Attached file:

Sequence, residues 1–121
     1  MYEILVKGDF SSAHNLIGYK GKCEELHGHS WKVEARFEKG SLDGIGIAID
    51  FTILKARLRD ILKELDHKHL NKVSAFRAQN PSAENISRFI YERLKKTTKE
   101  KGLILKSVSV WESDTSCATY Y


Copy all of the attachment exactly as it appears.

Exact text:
Sequence, residues 1–121
     1  MYEILVKGDF SSAHNLIGYK GKCEELHGHS WKVEARFEKG SLDGIGIAID
    51  FTILKARLRD ILKELDHKHL NKVSAFRAQN PSAENISRFI YERLKKTTKE
   101  KGLILKSVSV WESDTSCATY Y